• Food security is poor with 80% of non-displaced households and 77% of displaced households showing unacceptable (either poor or borderline) food consumption scores. Seventy percent of displaced households and 64% of non-displaced households are experiencing moderate to severe hunger. To survive the lean season, families have employed various coping strategies; 65% of households are restricting food consumption of adults to feed children; 81% of households are reducing the number of meals consumed each week; and, 73% of families have been limiting their portion size at meals. Food stocks are a problem with 90% of households not having enough food stocks to last one month and 49% not having enough even for one week. Future food shortages are a concern, as cultivated land has declined. This year, households estimated that they cultivated an average of 1.57 feddans compared to 1.75 feddans a year ago, marking a 10% decrease. Prior to the war, households stated they were cultivating an average of 7.75 feddans.
  • Malnutrition in the area is very high. Of note, there is a high prevalence of wasting indicated by a severe acute malnutrition (SAM) rate of 3.6% (2.8 – 4.6 95% confidence interval, C.I.), which is above the World Health Organization’s critical threshold level of 2%, and a global acute malnutrition (GAM) rate of 10.3% (9.0 – 11.9 95% C.I.) in children 6-59 months of age.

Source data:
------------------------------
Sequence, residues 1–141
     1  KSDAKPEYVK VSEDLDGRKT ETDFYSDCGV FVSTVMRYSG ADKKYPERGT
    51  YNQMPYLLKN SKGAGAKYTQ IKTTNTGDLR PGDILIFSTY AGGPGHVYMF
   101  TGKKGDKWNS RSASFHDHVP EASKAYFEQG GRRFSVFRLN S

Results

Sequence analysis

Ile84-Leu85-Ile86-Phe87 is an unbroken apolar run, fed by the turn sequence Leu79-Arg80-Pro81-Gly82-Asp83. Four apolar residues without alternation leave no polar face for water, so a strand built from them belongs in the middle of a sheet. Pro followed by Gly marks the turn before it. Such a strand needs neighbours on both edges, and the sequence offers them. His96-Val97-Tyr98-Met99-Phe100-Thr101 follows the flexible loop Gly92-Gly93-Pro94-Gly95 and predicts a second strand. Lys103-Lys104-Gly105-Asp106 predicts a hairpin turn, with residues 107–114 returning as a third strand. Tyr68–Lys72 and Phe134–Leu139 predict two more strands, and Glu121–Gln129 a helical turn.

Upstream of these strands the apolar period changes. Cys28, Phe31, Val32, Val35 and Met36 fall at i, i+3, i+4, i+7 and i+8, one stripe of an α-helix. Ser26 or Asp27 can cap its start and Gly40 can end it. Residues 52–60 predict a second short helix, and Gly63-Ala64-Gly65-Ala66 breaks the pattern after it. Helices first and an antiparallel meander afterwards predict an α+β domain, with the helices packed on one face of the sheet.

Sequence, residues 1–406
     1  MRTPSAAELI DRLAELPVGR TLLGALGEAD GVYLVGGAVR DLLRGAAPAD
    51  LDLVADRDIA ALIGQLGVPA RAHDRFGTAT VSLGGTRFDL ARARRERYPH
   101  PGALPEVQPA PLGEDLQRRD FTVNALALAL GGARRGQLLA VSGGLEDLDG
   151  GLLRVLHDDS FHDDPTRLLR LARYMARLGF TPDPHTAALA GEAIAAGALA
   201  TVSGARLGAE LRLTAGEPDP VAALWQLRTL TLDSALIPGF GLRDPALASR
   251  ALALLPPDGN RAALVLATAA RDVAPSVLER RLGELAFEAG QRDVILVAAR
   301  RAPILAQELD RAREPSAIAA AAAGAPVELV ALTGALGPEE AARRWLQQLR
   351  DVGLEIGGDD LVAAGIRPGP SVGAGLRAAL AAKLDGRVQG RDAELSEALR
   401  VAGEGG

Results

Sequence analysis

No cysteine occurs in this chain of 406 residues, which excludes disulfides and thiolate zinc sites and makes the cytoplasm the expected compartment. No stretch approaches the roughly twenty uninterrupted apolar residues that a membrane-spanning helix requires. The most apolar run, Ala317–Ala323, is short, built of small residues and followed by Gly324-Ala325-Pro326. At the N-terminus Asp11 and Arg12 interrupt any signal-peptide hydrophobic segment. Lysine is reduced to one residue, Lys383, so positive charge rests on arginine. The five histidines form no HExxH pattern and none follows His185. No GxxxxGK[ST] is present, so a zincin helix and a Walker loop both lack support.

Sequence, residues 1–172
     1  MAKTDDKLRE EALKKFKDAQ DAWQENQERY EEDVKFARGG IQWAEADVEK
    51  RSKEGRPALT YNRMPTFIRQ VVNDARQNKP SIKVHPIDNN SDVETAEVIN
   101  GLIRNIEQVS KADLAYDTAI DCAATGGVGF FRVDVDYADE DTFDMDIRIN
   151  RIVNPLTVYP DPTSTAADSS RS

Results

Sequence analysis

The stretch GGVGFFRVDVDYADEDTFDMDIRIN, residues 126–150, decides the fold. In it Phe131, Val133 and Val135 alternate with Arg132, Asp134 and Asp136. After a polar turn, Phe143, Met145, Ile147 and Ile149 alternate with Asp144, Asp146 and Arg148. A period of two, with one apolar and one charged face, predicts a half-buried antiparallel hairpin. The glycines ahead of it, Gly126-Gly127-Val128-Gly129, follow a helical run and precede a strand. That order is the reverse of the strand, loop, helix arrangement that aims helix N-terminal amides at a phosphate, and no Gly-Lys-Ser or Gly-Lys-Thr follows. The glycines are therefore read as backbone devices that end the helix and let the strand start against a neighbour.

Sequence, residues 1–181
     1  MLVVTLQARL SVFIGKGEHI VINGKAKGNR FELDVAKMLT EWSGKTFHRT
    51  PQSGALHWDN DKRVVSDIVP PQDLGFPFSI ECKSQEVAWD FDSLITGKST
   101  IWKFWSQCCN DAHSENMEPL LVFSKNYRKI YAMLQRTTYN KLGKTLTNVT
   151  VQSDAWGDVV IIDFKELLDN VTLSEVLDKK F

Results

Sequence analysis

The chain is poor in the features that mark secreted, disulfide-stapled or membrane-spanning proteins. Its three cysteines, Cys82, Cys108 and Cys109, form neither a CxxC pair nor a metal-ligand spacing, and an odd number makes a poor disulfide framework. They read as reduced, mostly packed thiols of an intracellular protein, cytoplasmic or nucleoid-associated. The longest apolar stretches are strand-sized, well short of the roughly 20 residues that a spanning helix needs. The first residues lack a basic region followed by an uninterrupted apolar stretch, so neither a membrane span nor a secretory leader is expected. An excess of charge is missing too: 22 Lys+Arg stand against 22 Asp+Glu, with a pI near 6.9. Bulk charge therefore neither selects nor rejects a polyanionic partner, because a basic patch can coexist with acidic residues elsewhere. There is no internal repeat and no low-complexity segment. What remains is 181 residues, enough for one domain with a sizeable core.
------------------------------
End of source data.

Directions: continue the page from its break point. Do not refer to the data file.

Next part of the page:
• Food purchased and produced varied between displaced and non-displaced households. Displaced households spent more on food purchases, and non-displaced households consumed a larger portion of food from home production. While households experiencing longer displacement spent more on farm input and housing, those displaced for less than eight months spent more on fuel, health, and food purchases.
  • Markets were discussed in focus group discussions (FGD) and it was found that the population has very low purchasing power and only limited access to any markets; 26% of households state they have to walk at least an hour to get to a market.
  • Education has been seriously impacted by the conflict. Fifty-three percent of households state that their children do not attend school regularly due to lack of money to pay school fees (37%) and insecurity (27%).
  • Water, sanitation and hygiene (WASH) indicators are very low. Less than half—45%—of households are using an improved water source as their primary source; 25% of households have soap in their home and an overwhelming 86% of households are practicing open defecation.
  • Health statistics were concerning with 51% of households stating at least one child had diarrhea in the preceding two weeks and 66% stating at least one child had malaria in the preceding four weeks. The majority of households—59%—did not have any mosquito nets for malaria prevention in their home.

Persistent insecurity has taken a heavy toll on the assessed population. Essential interventions are therefore required in food security, livelihoods, protection, health, and WASH. Recommended activities to immediately meet the urgent needs of the people living in the SPLMN controlled areas of South Kordofan state include:

  • General food distributions and a malnutrition intervention;
  • Agricultural support;
  • Educational support;
  • Advocacy to the international community for safety and security dialogue;
  • Hand-pump repairs;
  • Distribution of soap and jerry cans;
  • Latrine construction;
  • Provision of mosquito nets; and,
  • Non-food items for recently displaced households.

Read the full report here (PDF)